Valuation of a business plays a critical role in adjudicating disputes among co-owners of closely-held businesses. There are numerous circumstances where a court may be required to determine the value of a litigant’s interest in a business, such as under a buy-sell agreement or appraisal rights statute, or as a buy-out remedy for shareholder oppression.
Valuing stock in closely held businesses “is one of the most perplexing problems facing the courts. Valuation techniques are complex. Furthermore, the courts may not be sufficiently familiar with accounting and financial theory to effectively resolve the intractable details in a manner satisfactory to all constituents.” The Stockton Anatomy of Valuing Stock in Closely Held Corporations: Pursuing the Phantom of Objectivity into the New Millennium, 2001 Colum. Bus. L. Rev. 161, 162.
Because so many assumptions are inherent in a valuation, it is “not an exact science, as witnessed by the frequency with which appraisers differ in their opinions concerning the appropriate value to assign . . . .” Hickory Creek Nursery, Inc. v. Johnston.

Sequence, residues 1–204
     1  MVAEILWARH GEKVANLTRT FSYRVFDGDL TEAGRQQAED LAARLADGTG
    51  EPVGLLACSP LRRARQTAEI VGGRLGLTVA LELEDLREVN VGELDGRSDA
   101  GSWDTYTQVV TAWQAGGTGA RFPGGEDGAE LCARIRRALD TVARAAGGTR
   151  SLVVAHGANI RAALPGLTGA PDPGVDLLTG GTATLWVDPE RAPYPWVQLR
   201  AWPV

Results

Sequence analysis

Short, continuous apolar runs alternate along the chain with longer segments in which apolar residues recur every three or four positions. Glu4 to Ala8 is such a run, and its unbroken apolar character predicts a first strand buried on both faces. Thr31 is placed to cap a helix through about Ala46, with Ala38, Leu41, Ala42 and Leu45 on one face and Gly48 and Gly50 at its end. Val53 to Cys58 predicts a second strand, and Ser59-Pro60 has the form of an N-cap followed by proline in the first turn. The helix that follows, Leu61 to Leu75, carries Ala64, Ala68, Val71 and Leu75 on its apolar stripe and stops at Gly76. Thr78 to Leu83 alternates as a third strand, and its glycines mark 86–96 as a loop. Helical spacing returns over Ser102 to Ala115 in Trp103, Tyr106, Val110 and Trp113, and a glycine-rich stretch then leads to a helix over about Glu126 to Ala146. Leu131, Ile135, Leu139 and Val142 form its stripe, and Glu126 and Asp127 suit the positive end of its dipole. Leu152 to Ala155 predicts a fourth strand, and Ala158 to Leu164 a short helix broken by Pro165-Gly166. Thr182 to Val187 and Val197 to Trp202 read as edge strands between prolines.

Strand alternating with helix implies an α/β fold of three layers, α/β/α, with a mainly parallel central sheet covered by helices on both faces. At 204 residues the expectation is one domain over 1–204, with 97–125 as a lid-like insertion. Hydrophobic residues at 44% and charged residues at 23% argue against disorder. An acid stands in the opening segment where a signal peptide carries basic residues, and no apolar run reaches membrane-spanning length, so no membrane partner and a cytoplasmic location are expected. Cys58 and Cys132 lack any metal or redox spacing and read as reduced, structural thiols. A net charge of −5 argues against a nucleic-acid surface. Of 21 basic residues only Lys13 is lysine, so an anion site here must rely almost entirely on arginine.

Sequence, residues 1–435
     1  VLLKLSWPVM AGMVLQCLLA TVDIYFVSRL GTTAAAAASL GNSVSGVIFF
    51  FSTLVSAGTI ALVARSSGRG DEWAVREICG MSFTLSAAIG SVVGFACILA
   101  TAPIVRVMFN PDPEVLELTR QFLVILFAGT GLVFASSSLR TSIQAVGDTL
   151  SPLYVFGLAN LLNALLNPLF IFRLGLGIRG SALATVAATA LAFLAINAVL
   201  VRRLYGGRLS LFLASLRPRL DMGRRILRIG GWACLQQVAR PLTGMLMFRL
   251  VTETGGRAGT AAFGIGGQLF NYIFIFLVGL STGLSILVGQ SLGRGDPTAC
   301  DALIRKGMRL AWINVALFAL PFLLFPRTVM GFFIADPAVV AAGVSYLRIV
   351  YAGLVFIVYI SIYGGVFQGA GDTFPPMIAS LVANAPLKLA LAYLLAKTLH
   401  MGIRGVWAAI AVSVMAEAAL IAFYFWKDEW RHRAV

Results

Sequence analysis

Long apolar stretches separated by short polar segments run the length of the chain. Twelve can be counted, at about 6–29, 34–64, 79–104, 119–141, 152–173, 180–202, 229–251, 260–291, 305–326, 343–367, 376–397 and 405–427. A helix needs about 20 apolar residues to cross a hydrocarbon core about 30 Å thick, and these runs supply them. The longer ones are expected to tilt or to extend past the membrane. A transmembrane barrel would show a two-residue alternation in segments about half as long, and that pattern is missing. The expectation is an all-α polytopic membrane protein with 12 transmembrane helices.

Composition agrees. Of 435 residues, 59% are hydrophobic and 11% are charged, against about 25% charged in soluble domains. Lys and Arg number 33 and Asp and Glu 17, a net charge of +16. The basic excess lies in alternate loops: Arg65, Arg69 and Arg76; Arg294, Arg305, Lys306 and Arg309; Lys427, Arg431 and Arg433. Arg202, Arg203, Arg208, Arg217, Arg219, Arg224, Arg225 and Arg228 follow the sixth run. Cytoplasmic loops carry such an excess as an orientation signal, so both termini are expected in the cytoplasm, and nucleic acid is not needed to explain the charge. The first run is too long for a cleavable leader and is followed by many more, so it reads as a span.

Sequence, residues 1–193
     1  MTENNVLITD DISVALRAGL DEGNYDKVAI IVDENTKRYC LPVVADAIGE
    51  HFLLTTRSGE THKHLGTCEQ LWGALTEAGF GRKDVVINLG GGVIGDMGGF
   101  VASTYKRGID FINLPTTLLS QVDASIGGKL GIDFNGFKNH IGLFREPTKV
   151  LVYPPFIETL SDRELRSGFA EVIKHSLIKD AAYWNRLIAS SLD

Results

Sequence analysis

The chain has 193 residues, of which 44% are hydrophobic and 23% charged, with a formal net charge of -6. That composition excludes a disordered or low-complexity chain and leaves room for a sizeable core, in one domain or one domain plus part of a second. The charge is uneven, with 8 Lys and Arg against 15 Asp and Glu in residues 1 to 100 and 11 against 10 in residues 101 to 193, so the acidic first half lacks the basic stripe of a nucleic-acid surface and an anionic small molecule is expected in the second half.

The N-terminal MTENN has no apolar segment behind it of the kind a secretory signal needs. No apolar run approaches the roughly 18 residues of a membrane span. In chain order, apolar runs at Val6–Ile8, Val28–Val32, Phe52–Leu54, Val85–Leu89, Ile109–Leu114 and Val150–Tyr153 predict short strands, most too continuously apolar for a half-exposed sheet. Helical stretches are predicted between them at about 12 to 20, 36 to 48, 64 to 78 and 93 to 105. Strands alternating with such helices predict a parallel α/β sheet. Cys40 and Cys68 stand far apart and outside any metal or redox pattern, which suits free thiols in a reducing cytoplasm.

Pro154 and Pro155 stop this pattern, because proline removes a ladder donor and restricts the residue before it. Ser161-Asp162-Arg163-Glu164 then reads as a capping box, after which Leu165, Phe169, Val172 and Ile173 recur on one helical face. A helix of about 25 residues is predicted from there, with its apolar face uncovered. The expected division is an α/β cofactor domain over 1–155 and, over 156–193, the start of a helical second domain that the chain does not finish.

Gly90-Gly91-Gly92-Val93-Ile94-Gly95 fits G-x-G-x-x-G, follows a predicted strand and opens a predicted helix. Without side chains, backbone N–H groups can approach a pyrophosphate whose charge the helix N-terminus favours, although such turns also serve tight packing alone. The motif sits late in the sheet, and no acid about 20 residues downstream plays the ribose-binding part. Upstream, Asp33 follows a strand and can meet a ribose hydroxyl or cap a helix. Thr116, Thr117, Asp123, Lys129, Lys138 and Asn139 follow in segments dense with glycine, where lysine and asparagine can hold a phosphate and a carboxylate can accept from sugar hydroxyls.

Basic Valuation Approaches
There are generally three approaches to valuation: (1) the income approach; (2) the asset approach; and (3) the market approach. Under what is called the “Delaware block approach,” an appraiser calculates value using all three approaches, assigns a weight to each approach, and the sum of each value multiplied by its assigned weight is the appraiser’s final opinion on value. The concept is to use all three approaches to triangulate on the most accurate valuation.
These three approaches will be discussed in more detail in subsequent posts.
(This is for informational purposes and is not legal advice.)